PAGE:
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Roxbury School Debate: Defeat The Budget and Close It This Year, Or Study The Issue and Potentially Close It in 2026?

big white old fashioned school house blue sky white clouds, telephone pole in right foreground.
Roxbury Village School doubles as the Town Hall. Photo by Carla Occaso.
Over 20 Montpelier and Roxbury residents, taxpayers, and parents discussed the future of the Roxbury Village School at the Kellogg-Hubbard Library Feb. 26. Some called for defeating the school budget and closing the Roxbury school this year. Others called for going forward with a study about closing the small elementary school, and possibly closing it next year, giving the community time to prepare.

As the fiscal year 2025 Montpelier Roxbury Public Schools budget threatens huge tax increases under pressures from Act 127, closing Roxbury and moving its 42 students to Union Elementary School came into the conversation as a way to save an uncalculated portion of the school’s total operating cost of $1.5 million on the district’s total $32 million budget, which is up 12% from last year.

The FY25 MRPS budget will be voted on at Town Meeting Day, March 5, and currently includes RVS. The most recent estimates show tax increases of 23% for Montpelier and 12% for Roxbury.

The forum was organized by Richard Sheir, a Montpelier resident who hosted the event along with Jim Murphy, chair of the Montpelier Roxbury school board.

 Sheir opened with: “I am going to oppose the upcoming budget, for very particular reasons, and they have to do with fiscal management.”

“I’m here to explain the budget. As a board, we do not tell you how to vote,” Murphy said. “I get why everyone is freaking out about (23% tax increases). I’m freaking out about it. I don’t like it. We are worried about cost containment.”

“It’s like, holy crap, what’s going on,” said Dan Jones, a candidate for mayor in Montpelier.

Debra Sargent, a Montpelier resident who said she lives on a fixed income, commented “one of my fears is we are going to lose a significant number of people in this town.”

“If we want new families in, if we have dilapidated schools that we’re not funding, that’s not going to help either,” Murphy replied.

On Feb. 7 the school board formed a committee to study the future of Roxbury’s school and engage the communities of both towns. Waiting a year to potentially close the school “is the compassionate way to handle that issue with our neighbors,” Murphy said.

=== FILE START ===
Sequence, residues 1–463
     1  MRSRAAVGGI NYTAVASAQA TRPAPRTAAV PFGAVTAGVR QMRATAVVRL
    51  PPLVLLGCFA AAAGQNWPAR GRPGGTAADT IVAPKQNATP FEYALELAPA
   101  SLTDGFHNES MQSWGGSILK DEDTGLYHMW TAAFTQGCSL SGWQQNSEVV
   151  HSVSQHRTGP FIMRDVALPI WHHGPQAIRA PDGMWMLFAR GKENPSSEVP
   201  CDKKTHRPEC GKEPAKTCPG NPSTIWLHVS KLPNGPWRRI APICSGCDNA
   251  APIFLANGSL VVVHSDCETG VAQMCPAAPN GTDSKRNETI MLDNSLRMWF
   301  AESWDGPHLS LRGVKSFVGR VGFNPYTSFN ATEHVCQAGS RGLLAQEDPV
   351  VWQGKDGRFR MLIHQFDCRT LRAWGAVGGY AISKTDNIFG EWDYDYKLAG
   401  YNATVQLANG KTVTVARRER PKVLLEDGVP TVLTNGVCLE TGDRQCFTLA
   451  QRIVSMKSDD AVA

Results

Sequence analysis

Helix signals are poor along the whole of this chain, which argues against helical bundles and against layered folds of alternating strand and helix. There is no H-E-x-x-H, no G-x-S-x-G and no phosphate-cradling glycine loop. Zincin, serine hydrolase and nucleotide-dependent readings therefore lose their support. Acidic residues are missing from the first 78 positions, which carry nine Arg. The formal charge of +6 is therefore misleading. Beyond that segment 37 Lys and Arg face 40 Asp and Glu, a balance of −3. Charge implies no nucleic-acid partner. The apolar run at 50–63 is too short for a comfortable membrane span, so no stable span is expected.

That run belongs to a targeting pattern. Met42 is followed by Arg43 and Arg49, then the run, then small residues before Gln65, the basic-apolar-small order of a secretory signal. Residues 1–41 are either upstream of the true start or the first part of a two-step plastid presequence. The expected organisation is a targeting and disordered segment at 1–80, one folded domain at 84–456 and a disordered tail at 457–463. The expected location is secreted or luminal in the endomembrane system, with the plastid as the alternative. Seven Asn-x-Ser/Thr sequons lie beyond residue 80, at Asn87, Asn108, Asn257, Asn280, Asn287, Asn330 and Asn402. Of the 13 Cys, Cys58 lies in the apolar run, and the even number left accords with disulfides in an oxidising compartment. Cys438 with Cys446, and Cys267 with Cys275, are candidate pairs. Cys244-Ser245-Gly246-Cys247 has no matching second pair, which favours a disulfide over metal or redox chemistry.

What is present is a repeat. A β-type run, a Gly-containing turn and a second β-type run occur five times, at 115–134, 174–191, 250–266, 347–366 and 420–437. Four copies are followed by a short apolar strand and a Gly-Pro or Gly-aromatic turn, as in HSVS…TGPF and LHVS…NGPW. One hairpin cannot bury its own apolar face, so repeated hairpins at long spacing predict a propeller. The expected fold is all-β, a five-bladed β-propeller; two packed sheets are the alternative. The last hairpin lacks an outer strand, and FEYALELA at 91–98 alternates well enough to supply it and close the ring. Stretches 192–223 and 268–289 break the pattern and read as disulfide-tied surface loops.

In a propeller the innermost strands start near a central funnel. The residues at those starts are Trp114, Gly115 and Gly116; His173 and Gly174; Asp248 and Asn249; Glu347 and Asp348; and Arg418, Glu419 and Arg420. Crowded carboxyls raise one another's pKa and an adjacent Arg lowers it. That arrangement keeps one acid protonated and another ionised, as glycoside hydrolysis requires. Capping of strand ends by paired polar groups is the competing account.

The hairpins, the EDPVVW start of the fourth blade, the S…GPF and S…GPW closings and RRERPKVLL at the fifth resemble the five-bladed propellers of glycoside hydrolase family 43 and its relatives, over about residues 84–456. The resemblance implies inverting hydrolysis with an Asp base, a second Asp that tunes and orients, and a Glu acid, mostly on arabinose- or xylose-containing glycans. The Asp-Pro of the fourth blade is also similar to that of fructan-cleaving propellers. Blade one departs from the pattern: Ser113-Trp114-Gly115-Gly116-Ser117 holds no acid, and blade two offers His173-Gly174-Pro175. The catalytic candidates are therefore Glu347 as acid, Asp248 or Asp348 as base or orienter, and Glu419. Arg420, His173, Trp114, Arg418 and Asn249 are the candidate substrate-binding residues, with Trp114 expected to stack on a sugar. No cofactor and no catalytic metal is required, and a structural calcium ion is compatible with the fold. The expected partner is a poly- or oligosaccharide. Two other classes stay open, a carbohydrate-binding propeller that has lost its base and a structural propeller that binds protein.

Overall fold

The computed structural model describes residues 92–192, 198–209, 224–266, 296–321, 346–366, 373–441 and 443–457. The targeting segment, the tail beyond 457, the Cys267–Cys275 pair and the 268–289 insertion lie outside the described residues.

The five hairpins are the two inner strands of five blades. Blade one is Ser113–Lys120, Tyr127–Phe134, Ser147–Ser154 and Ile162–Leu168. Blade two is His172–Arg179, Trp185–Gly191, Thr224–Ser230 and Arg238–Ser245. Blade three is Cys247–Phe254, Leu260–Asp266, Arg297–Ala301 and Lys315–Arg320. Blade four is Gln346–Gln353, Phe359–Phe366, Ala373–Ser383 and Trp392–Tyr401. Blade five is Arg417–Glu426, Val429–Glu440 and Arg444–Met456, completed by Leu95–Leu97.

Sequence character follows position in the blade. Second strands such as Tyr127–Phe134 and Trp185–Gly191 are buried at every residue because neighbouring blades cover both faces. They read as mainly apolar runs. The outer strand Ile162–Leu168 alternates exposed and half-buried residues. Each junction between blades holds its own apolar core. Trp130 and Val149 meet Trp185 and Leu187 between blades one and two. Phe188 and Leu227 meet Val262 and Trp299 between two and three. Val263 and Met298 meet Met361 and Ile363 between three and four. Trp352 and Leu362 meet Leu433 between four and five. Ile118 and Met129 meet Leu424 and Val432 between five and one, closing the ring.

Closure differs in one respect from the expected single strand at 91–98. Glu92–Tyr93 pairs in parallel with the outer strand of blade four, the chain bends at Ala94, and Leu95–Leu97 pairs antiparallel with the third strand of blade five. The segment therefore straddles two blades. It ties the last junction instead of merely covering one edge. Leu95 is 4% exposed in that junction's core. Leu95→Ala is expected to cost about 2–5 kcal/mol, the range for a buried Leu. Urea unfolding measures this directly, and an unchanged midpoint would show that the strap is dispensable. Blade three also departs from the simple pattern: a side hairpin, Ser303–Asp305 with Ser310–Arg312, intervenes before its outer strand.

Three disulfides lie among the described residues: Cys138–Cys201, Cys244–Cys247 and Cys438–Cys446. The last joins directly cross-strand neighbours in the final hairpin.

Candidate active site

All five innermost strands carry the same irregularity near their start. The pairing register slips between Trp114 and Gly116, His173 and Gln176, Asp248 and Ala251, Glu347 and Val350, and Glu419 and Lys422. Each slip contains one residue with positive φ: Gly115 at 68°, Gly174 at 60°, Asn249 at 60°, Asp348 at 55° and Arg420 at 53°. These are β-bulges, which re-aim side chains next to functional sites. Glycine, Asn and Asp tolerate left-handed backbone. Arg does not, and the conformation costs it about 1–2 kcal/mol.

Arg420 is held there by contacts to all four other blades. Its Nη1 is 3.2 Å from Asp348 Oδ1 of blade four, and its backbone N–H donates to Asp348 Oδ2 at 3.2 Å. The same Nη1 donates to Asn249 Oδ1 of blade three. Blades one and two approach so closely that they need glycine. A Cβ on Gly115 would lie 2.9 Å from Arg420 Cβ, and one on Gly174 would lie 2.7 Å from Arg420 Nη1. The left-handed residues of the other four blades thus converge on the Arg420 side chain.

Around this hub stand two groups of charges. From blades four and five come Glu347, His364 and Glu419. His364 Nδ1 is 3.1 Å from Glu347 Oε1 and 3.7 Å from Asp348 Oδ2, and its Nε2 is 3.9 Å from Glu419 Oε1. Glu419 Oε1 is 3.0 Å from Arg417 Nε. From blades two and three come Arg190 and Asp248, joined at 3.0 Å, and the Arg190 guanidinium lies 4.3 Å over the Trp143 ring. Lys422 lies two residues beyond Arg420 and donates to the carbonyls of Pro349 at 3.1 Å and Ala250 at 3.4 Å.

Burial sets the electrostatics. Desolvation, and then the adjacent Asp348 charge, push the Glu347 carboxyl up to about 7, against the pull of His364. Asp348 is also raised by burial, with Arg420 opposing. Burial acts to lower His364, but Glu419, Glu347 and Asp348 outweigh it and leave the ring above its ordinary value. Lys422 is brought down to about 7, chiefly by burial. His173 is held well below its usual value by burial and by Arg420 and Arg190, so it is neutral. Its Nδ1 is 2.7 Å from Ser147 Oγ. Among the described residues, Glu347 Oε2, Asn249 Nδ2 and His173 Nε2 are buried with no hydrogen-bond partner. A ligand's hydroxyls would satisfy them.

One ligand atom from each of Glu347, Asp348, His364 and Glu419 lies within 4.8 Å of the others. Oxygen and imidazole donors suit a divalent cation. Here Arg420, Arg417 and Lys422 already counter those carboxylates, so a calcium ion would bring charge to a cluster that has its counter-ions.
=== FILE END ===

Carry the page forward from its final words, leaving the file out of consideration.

Ben Pincus, a Roxbury resident and “proud graduate of Roxbury Village School,” said, “I have no doubt that the school will close, but we just need that one year.”

“I just want people to know that the Roxbury school has very high quality teachers, and a high quality education,” added Katie Swick, a Montpelier resident and Roxbury Village School teacher.

Immediate closure “would have a difference on our taxes this year,” but the board “did not have time to look at the numbers, to get the public input. That’s what we’re committed to doing,” said Murphy.

By opposing the budget, Sheir said he is “much more fiscally cautious.” Quickly closing the school that supports “40-some-odd children” would create savings meaning “that we have not only a full reserve, but we have past a full reserve,” he said.

“Keep in mind, it’s not $1.5 million, because you still have to educate those children once they’re at Union,” said Sheir.

When planning the next year’s budget, the school board decided not to use all its reserve funds because of unpredictable future legislation and upcoming testing and potentially costly remediation of PCBs in the air, soil, and building at the high school. 

“We want to keep the budget stable,” said Sheir.

“I’m a little upset about the format of this,” said Pincus. feels kind of one-sided, a little bit like Richard, this is kind of your show, if you’re advocating for the rapid closure of Roxbury Village School.” He accused Sheir of not communicating “anything about our community,” saying, “you say Roxbury parents have nothing to fear in fully integrating into our district this fall. I’ll tell you what I fear. I fear the breakdown of the cohesion of Roxbury as a result of the school closing, fast.”